Mondaq News Alerts

In order to receive Mondaq News Alerts, users have to complete a separate registration form. This is a personalised service where users choose regions and topics of interest and we send it only to those users who have requested it. Users can stop receiving these Alerts by going to the Mondaq News Alerts page and deselecting all interest areas. In the same way users can amend their personal preferences to add or remove subject areas.


A cookie is a small text file written to a user’s hard drive that contains an identifying user number. The cookies do not contain any personal information about users. We use the cookie so users do not have to log in every time they use the service and the cookie will automatically expire if you do not visit the Mondaq website (or its affiliate sites) for 12 months. We also use the cookie to personalise a user's experience of the site (for example to show information specific to a user's region). As the Mondaq sites are fully personalised and cookies are essential to its core technology the site will function unpredictably with browsers that do not support cookies - or where cookies are disabled (in these circumstances we advise you to attempt to locate the information you require elsewhere on the web). However if you are concerned about the presence of a Mondaq cookie on your machine you can also choose to expire the cookie immediately (remove it) by selecting the 'Log Off' menu option as the last thing you do when you use the site.

Some of our business partners may use cookies on our site (for example, advertisers). However, we have no access to or control over these cookies and we are not aware of any at present that do so.

Log Files

We use IP addresses to analyse trends, administer the site, track movement, and gather broad demographic information for aggregate use. IP addresses are not linked to personally identifiable information.


This web site contains links to other sites. Please be aware that Mondaq (or its affiliate sites) are not responsible for the privacy practices of such other sites. We encourage our users to be aware when they leave our site and to read the privacy statements of these third party sites. This privacy statement applies solely to information collected by this Web site.

Surveys & Contests

From time-to-time our site requests information from users via surveys or contests. Participation in these surveys or contests is completely voluntary and the user therefore has a choice whether or not to disclose any information requested. Information requested may include contact information (such as name and delivery address), and demographic information (such as postcode, age level). Contact information will be used to notify the winners and award prizes. Survey information will be used for purposes of monitoring or improving the functionality of the site.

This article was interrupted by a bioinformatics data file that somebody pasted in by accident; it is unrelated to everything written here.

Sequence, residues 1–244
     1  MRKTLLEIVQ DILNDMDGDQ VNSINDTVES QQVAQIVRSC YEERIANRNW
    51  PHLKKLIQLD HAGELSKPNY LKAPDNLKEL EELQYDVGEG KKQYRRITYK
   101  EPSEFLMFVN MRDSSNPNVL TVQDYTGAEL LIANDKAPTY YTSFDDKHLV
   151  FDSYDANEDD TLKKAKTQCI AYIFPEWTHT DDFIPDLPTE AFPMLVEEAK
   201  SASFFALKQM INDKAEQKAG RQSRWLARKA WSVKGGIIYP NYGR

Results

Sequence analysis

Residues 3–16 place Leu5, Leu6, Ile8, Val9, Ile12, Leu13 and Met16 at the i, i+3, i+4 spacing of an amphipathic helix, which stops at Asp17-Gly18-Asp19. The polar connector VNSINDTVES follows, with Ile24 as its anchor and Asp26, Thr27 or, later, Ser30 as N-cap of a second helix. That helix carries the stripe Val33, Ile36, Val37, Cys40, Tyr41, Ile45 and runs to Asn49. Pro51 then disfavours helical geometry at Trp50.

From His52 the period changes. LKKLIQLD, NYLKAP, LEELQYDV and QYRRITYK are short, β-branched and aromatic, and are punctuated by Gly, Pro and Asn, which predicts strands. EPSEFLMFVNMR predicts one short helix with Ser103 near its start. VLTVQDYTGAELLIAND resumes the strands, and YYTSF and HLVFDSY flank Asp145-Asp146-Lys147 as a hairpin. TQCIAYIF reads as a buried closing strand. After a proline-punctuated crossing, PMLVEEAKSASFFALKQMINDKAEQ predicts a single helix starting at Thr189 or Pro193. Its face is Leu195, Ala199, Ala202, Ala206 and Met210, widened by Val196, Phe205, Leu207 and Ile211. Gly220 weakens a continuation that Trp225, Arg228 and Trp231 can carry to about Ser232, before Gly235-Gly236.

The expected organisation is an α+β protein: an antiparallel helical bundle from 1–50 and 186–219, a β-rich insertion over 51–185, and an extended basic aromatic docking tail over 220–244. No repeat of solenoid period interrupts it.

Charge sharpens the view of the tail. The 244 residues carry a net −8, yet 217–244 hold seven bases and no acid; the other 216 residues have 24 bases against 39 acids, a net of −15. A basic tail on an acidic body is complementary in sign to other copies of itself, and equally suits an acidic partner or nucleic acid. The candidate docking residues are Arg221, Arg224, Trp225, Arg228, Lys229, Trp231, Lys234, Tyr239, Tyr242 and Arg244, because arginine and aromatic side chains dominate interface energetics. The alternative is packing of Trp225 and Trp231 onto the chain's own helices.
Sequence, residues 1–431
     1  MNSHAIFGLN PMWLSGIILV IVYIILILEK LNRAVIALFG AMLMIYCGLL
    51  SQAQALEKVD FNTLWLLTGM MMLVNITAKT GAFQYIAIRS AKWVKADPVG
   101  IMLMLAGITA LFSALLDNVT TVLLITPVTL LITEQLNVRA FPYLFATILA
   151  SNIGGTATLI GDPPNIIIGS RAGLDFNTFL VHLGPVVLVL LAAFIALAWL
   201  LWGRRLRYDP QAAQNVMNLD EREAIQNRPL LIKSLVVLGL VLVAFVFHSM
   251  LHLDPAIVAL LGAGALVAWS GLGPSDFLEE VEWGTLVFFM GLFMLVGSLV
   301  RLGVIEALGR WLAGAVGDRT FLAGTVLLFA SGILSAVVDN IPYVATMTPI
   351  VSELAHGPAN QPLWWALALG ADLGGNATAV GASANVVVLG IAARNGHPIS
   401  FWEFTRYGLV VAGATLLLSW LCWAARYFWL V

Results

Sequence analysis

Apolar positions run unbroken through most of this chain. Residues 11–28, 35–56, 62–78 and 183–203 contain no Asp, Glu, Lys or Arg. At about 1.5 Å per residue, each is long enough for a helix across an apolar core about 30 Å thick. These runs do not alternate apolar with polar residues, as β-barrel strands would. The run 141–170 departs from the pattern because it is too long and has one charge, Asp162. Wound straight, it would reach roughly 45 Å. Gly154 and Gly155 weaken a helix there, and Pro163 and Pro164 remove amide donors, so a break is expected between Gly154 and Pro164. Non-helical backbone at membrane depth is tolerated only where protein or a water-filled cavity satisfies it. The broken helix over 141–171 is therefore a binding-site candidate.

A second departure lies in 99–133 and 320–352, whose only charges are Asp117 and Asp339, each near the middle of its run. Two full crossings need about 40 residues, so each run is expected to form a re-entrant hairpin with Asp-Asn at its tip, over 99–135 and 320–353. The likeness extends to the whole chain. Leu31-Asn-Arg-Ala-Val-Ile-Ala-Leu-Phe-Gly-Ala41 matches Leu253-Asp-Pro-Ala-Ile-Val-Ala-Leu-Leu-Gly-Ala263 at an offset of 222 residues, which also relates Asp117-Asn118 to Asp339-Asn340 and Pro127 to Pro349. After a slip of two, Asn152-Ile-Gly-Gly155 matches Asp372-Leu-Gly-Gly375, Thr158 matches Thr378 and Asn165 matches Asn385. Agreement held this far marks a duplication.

If a user elects to use our referral service for informing a friend about our site, we ask them for the friend’s name and email address. Mondaq stores this information and may contact the friend to invite them to register with Mondaq, but they will not be contacted more than once. The friend may contact Mondaq to request the removal of this information from our database.


This website takes every reasonable precaution to protect our users’ information. When users submit sensitive information via the website, your information is protected using firewalls and other security technology. If you have any questions about the security at our website, you can send an email to

Correcting/Updating Personal Information

If a user’s personally identifiable information changes (such as postcode), or if a user no longer desires our service, we will endeavour to provide a way to correct, update or remove that user’s personal data provided to us. This can usually be done at the “Your Profile” page or by sending an email to

Notification of Changes

If we decide to change our Terms & Conditions or Privacy Policy, we will post those changes on our site so our users are always aware of what information we collect, how we use it, and under what circumstances, if any, we disclose it. If at any point we decide to use personally identifiable information in a manner different from that stated at the time it was collected, we will notify users by way of an email. Users will have a choice as to whether or not we use their information in this different manner. We will use information in accordance with the privacy policy under which the information was collected.

How to contact Mondaq

You can contact us with comments or queries at

If for some reason you believe Mondaq Ltd. has not adhered to these principles, please notify us by e-mail at and we will use commercially reasonable efforts to determine and correct the problem promptly.